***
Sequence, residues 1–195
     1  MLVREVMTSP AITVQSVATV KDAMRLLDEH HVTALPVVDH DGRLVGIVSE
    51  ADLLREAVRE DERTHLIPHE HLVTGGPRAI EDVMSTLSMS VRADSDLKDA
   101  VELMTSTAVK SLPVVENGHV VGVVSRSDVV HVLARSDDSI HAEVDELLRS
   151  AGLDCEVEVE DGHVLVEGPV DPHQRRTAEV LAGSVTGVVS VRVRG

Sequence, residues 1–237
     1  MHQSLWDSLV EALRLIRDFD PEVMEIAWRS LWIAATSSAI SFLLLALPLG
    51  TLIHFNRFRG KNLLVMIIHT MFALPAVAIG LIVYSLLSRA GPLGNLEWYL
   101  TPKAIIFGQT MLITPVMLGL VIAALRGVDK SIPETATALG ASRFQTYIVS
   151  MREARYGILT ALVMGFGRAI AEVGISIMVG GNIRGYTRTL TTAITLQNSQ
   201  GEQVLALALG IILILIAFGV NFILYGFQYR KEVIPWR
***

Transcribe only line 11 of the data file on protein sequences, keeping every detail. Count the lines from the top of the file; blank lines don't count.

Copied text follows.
   201  GEQVLALALG IILILIAFGV NFILYGFQYR KEVIPWR